Looking for Input for a New IMPACT + Lesson on Editing and Proofing Content
I'm working on a new lesson for IMPACT + and I would love some input from you all.
The lesson will be about how to proofread and edit blog content before publishing.
I want to hear some of your tips and suggestions for a smooth process that helps your content go from the messy first draft to the polished, educational gem that wows your audience.
Here are a few questions I have:
- What does your process look like between your first and final draft?
- How many sets of eyes typically review your content before it’s finalized?
- What is your biggest challenge in the editing and proofreading stage?
- What is one hack you can share that will make others’ lives easier when it comes to editing and proofreading?
- What are your favorite tools for editing and proofreading?
- What are the top things you look for when proofreading content?
If you're the first to answer one of the above, please start a thread with that question as I'd love your input as well as anyone else who wants to chime in on that question.
If someone has already started a thread for that question, instead of starting a new one, jump into the existing thread with your two cents (let's get some conversations going!).
I'd love to be able to feature some of your answers in the course and give you a shoutout for your help.I can't wait to learn about your processes and tips.
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Thank you all for your comments and suggestions. I have tried to implement them as I understood them. I have attached a link to the revised version. Any additional feedback or critiques would be greatly appreciated. What is my Interest Rate.edited.docx
That is so amazing! Let us know how it goes. Looking forward to hear about it!!
Hey Evelyn Gascoyne! I will make some assumptions here - tell me if I'm off base with any of them. When you say content lead time, you're referring to how long it takes an article to be written (from ideation to hitting the publish button).2. When you say backlog, you're referring to a bank of publish-ready articles that are scheduled to be published in the future (from here on out I'll refer to this as a 'publishable article backlog')With those assumptions ^ in mind, here are some thoughts.First, make sure your article content calendar is planned out for at least 90 days in the future. That visibility into what you're working on is critical to building a backlog and helping you plan for articles. I'd recommend having a 2-3 week, or 6-9 articles, publishable article backlog. This shouldn't be viewed as a saving account to dip into when content gets low. Instead, follow the FIFO method so the first article to go into the backlog will get scheduled to be published first. As a second article goes into the backlog, it will have the place of the next scheduled article.Every week you should have time allocated to 3 tasks (for 3 articles). Follow the rule of 3-3-3 every week Publish 3 articles from the backlog Edit and finish 3 articles and add them to your backlog Start researching and drafting 3 new articles In general, you should follow this process to create an article. As a writer, you'll be playing an active role in the research and planning phase, the SME interview phase, the first draft phase, the revisions phase, and the publishing phase. Others in your organization will play an active role in the review and final approval stages. Following this process means it'll take around 8-10 business days to go from ideation to publishing an article. That doesn't mean it'll wholly consume 8 hours per day for 8-10 business days, but the big picture that's how many days you can expect the process to take. Below is an idea of how long each part of the content creation process should take by the number of hours. Researching & Planning - 2 hours SME Interviews - 2 hours Initial Draft - 2-4 hours Internal Review - 1 hour IMPACT Review (if working with IMPACT) - 1 hour Revisions - 1 hour Final Approval - 1 hour Publishing - 1 hour Now, if you're trying to implement this and you can't break through you have a couple of options to build a backlog.Pause for 2-3 weeks on publishing to build your backlog.2. Scale back on publishing. Take 1-2 (of your 3 published articles per week) to put in your backlog.3. Use others in your organization to write content while you're focused on 3 articles per week and use the surplus to build a backlog.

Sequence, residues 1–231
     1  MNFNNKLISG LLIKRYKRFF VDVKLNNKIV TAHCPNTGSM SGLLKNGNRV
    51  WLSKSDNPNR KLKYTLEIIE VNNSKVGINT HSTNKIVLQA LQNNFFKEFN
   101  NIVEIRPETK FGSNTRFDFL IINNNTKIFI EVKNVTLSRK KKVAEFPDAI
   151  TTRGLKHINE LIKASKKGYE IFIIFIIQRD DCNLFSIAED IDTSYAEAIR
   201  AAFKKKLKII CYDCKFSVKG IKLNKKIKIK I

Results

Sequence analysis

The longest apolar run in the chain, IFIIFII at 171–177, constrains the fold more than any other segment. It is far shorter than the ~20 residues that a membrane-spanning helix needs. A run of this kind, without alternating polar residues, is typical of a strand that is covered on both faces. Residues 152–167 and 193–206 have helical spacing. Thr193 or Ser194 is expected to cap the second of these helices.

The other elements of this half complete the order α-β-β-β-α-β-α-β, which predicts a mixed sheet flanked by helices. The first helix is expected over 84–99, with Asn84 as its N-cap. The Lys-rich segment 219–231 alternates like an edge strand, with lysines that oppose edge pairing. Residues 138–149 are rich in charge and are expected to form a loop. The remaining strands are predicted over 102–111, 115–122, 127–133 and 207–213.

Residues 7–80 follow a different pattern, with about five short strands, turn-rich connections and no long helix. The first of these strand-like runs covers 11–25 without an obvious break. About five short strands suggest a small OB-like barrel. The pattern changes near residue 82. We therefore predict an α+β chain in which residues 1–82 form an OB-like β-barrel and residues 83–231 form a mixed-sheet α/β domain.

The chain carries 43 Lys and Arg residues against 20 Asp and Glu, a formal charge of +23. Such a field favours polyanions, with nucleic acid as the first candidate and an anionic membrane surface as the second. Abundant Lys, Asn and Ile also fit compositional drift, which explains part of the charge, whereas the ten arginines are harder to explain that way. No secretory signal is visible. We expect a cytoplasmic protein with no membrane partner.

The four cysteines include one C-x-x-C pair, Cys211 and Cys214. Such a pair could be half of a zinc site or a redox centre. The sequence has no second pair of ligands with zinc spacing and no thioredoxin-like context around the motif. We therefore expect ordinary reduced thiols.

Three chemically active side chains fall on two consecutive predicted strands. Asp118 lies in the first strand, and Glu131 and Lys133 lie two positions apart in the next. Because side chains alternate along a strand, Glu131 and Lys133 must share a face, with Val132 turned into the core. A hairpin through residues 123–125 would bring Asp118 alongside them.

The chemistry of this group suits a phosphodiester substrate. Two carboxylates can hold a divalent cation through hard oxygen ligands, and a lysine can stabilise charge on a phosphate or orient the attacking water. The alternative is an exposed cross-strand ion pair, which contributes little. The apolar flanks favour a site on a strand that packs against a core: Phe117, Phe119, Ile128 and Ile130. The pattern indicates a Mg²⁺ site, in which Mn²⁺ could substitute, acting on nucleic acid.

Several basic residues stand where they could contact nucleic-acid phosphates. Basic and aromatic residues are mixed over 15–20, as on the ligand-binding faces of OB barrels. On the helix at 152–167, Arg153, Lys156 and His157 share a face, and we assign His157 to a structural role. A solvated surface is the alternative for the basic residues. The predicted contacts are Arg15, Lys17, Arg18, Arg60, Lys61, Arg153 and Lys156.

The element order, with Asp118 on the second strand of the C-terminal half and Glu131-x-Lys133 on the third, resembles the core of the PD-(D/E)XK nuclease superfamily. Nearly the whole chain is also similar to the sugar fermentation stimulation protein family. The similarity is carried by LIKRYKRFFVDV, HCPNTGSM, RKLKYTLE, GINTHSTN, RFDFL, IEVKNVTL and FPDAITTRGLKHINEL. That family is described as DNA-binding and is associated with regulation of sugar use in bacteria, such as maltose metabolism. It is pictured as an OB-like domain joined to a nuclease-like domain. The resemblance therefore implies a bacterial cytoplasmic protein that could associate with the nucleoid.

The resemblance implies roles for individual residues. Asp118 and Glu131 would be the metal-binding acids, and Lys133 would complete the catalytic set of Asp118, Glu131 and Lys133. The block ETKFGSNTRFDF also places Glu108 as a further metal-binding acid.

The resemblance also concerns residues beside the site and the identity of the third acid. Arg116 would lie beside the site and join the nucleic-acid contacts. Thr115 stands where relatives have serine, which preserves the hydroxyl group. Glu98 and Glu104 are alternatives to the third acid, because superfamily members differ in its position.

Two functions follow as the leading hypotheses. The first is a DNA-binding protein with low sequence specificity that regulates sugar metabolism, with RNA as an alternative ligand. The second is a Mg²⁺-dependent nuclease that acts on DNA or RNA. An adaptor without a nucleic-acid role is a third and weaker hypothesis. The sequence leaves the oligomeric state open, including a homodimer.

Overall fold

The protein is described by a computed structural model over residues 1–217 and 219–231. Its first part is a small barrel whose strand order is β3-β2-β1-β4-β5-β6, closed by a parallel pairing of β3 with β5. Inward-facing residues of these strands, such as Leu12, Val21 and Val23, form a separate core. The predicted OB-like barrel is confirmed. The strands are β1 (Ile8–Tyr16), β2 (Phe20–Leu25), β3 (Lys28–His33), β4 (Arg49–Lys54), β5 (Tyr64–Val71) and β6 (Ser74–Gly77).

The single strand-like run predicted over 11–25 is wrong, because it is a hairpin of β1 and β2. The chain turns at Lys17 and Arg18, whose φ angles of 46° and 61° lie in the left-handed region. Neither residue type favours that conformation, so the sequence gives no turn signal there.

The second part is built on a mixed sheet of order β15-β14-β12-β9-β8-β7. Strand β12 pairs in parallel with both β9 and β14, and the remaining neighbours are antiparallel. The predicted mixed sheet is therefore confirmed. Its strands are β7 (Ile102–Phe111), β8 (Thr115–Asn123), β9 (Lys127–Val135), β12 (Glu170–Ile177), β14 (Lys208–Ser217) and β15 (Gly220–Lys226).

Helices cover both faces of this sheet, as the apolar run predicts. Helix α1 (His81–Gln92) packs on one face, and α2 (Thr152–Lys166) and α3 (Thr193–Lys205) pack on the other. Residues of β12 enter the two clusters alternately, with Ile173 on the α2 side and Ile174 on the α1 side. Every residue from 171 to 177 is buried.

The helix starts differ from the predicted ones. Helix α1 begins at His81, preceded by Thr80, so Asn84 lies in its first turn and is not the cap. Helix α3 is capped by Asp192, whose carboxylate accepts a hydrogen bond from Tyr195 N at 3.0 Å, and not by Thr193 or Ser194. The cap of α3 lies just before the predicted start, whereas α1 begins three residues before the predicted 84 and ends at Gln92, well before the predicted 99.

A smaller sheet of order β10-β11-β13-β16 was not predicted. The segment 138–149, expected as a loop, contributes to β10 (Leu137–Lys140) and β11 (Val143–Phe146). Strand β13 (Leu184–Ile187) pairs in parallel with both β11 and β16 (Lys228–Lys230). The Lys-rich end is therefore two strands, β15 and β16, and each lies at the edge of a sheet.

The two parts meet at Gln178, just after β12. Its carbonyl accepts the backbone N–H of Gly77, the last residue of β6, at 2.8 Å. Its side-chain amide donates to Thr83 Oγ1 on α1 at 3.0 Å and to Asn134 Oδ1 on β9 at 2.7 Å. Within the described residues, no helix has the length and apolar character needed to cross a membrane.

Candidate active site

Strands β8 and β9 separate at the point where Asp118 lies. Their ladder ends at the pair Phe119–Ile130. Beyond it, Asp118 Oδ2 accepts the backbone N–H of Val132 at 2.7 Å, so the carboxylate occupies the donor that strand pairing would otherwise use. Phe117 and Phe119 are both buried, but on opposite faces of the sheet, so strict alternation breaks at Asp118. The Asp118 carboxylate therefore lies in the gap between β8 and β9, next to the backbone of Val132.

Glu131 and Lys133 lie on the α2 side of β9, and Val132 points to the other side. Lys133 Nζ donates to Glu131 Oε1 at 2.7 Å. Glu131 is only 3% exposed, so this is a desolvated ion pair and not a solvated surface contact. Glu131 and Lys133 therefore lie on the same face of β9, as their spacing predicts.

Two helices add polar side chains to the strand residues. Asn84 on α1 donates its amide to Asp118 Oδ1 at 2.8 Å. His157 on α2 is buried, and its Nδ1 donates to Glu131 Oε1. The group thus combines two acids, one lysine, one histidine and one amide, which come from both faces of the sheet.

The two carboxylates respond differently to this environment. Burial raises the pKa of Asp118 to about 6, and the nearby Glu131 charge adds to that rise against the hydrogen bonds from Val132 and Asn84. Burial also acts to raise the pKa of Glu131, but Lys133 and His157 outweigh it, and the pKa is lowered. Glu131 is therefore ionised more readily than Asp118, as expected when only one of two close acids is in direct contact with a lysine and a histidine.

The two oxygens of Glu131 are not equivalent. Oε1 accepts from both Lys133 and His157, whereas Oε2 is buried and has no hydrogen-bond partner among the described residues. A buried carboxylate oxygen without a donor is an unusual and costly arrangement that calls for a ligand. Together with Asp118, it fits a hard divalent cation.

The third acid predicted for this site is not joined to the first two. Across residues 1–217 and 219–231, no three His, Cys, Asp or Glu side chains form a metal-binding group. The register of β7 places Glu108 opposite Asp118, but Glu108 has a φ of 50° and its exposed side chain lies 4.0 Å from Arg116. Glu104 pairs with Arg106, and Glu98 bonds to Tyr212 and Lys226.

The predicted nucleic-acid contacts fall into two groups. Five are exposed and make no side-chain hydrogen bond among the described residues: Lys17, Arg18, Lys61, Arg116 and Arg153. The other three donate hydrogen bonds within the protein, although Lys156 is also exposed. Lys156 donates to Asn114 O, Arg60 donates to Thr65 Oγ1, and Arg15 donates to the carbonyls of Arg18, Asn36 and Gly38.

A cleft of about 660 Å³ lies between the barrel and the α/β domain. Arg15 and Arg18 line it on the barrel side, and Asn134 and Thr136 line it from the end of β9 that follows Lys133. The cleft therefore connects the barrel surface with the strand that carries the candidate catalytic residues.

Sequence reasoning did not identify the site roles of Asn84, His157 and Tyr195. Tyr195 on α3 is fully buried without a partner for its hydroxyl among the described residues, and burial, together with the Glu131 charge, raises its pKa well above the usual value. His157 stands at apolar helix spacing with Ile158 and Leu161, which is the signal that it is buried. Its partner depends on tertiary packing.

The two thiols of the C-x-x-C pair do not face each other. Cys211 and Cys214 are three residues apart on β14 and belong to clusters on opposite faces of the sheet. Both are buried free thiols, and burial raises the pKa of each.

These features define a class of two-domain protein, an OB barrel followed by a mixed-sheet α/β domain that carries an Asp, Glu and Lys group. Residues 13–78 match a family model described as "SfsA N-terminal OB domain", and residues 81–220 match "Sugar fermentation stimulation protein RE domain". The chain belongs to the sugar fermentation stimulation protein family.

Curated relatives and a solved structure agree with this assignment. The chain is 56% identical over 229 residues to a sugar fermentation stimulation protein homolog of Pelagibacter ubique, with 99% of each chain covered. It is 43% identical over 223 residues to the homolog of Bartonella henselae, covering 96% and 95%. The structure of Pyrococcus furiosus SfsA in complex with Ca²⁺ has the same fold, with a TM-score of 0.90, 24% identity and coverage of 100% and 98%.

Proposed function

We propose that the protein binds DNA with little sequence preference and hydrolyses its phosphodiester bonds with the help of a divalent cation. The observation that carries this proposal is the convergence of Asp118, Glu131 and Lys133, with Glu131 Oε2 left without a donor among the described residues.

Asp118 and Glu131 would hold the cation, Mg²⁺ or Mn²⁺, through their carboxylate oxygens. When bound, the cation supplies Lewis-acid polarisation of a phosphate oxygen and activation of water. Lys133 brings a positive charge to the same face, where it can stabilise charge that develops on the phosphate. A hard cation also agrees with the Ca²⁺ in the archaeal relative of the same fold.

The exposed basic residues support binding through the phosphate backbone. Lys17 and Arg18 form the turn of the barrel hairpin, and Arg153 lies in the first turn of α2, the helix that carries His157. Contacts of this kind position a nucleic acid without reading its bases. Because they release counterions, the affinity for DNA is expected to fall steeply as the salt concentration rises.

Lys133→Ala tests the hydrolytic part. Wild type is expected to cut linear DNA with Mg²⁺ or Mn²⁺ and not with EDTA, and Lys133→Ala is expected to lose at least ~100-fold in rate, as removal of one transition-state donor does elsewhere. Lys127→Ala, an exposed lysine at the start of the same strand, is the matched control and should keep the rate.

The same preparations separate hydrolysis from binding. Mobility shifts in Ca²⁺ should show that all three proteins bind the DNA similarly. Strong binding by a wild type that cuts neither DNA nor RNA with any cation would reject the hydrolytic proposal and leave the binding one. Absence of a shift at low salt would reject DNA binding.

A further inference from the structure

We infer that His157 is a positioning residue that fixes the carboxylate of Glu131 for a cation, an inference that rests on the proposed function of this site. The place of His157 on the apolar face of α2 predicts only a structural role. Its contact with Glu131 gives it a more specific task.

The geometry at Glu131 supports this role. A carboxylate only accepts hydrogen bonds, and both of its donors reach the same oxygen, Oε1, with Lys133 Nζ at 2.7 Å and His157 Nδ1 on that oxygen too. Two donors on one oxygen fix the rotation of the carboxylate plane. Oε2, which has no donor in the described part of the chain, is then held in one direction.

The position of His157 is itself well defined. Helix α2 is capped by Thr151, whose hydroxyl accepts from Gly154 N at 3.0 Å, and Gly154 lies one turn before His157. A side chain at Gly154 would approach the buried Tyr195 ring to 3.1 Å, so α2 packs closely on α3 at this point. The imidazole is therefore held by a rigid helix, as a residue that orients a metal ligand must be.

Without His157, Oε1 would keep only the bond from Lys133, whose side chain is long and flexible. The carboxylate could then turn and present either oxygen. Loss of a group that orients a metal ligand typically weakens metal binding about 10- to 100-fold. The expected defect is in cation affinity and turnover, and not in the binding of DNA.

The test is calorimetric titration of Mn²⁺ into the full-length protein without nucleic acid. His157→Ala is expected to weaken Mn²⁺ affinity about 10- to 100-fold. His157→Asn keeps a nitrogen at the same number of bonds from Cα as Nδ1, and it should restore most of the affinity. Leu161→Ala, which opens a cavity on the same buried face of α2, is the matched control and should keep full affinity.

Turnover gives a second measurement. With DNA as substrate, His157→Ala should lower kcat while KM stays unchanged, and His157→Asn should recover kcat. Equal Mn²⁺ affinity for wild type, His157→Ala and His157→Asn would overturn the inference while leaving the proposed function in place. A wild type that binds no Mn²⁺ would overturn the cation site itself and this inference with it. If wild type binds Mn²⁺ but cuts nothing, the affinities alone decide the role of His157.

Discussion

They do, thank you! The Berry Insurance site is also very helpful!
Sounds like a plan Dave Wieser ! Looking forward to hearing back :) Also, want to tag in Renee Hernandez who helped build some pretty awesome stuff with our quiz functionality in IMPACT+.
One thing that helped us get on track was Trello. We can see what stage every idea is in, who still needs to give impute, approve, what needs work, and so on.